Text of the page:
My world changed on 30th October 2013. Here’s my story.
For years prior to 30th October 2013 I had been complaining to my GP about digestive issues and other associated symptoms. I would regularly see her talking to her about the same symptoms. I was given fact sheets on constipation, fissures, advised to try increasing my water intake, remove lactose and gluten from my diet, I even tried going to a naturopath to see if they could do anything to help. Nothing seemed to work, my symptoms continued to get worst.
Finally in January 2013 my GP referred me to a Gastro Professor, thinking I had allergies to food. I was scheduled to have a gastroscopy and colonoscopy several times, but it kept getting delayed due to a variety of reasons.
I got married in March 2013, I started a new job in May of that year, my father was fighting pancreatic cancer and would eventually pass away in July of that year. So my scheduled appointments kept getting delayed. I finally had the gastroscopy and colonoscopy in October 2013.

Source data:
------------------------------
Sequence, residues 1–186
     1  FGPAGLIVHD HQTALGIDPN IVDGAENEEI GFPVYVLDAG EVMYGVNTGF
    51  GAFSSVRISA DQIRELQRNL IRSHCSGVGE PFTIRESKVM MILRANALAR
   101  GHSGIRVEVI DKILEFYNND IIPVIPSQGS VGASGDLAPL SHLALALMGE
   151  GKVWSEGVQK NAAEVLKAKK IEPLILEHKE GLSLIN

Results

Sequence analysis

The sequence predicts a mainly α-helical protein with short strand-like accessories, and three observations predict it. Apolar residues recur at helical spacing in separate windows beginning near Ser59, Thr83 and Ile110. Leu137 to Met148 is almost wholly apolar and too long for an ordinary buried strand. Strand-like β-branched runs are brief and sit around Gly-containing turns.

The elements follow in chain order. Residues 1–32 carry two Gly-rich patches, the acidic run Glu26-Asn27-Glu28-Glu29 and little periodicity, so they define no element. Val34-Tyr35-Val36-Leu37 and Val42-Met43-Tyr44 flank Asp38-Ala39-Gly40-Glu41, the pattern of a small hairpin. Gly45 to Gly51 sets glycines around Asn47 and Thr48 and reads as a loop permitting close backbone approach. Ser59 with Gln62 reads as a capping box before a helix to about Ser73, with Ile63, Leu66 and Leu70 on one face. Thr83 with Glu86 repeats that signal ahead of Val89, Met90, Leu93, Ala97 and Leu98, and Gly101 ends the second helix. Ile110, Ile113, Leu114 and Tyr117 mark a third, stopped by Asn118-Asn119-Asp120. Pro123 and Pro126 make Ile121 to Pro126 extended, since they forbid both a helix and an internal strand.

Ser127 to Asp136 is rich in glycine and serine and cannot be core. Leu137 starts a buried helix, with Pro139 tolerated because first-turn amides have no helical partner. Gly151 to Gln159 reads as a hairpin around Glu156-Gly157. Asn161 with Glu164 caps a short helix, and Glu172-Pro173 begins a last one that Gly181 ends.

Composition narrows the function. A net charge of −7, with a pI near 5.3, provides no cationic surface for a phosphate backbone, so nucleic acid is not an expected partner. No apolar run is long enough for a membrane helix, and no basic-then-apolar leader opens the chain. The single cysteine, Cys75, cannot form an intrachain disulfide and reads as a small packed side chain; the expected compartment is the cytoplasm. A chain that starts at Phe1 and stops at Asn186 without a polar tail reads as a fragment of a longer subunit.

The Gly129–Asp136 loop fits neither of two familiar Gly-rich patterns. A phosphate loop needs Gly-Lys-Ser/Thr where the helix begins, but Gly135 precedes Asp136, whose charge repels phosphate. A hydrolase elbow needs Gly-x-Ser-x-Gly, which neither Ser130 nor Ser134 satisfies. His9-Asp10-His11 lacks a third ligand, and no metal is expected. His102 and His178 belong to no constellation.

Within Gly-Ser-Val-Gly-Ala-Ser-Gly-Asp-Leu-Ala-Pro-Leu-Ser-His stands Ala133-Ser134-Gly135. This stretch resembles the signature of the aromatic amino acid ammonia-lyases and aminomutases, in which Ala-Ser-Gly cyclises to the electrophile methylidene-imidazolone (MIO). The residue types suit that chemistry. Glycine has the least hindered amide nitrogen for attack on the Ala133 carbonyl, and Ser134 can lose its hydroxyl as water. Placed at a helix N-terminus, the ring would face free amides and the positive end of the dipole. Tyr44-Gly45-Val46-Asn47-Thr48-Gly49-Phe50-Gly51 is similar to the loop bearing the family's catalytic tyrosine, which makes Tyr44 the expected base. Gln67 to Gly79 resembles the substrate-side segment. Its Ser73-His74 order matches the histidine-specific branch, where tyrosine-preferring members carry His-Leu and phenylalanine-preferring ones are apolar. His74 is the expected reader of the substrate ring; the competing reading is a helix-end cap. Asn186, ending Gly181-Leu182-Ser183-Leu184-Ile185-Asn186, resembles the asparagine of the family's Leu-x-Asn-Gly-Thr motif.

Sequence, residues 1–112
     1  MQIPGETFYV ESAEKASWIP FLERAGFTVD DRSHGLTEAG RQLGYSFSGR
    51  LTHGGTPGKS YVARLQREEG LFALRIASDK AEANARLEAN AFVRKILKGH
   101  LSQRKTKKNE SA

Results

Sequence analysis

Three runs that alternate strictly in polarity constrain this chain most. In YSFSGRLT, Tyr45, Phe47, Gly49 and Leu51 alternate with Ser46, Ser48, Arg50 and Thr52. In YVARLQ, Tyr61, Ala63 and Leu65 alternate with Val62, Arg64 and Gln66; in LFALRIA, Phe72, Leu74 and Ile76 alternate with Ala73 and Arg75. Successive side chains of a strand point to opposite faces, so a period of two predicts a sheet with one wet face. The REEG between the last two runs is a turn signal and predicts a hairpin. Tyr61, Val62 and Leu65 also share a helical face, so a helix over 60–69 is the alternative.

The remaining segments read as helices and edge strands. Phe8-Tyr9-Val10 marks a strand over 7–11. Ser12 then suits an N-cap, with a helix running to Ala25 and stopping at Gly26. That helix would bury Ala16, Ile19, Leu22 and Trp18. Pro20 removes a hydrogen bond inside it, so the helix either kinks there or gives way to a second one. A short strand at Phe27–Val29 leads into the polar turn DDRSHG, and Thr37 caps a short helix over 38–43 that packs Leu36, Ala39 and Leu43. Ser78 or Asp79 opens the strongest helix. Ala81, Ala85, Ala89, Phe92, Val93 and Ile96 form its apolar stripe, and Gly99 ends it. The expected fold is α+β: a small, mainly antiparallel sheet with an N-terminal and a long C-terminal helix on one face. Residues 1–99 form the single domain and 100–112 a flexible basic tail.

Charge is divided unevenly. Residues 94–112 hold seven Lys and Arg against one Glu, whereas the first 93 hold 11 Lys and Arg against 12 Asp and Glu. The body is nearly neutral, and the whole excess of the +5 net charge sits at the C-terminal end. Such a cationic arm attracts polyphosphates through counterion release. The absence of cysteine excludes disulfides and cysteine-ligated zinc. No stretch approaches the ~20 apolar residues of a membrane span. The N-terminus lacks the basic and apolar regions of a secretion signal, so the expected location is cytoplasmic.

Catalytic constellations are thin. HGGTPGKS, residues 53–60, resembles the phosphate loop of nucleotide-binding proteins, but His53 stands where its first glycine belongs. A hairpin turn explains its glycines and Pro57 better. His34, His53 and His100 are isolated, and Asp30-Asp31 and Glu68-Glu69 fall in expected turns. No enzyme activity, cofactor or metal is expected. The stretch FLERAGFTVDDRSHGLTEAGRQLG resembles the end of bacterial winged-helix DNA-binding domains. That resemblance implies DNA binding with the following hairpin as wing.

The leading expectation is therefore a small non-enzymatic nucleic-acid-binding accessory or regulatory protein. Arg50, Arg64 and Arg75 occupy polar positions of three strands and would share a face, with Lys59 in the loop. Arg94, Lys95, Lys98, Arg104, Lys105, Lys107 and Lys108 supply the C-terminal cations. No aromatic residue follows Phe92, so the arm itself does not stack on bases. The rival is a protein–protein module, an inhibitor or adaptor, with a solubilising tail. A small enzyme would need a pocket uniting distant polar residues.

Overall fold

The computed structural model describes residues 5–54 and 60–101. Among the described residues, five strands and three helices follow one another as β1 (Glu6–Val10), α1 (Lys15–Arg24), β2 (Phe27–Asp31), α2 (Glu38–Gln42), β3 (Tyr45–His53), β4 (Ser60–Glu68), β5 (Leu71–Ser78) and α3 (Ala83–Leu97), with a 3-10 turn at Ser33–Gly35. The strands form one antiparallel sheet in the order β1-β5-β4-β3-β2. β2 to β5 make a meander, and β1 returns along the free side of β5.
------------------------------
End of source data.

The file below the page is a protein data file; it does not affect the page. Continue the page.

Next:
I thought it would be a routine procedure, I expected that maybe they might find a polyp. I had a friend who had gone through something similar. When I woke up I was told by a nurse that I would need to stay overnight. I was so confused, this was meant to be a day procedure. The doctor kept popping her head into the area I was resting saying she was waiting for my husband to arrive. When he got there she broke the news to us that a lesion had been found in my bowel, there was little doubt that it was bowel cancer. I was taken straight in for a CT scan. Back in the hospital room, a nurse came in and started talking about colostomy bags and began marking my tummy with crosses - everything seemed to be happening all at once. My world was spinning. All I could think about was what we had just witnessed with my father passing, to go through something so traumatic and then be faced with your own cancer diagnosis was devastating. The Doctors kept telling me that I had to get my father’s experience out of my mind, this was completely different. They would be treating me for a cure.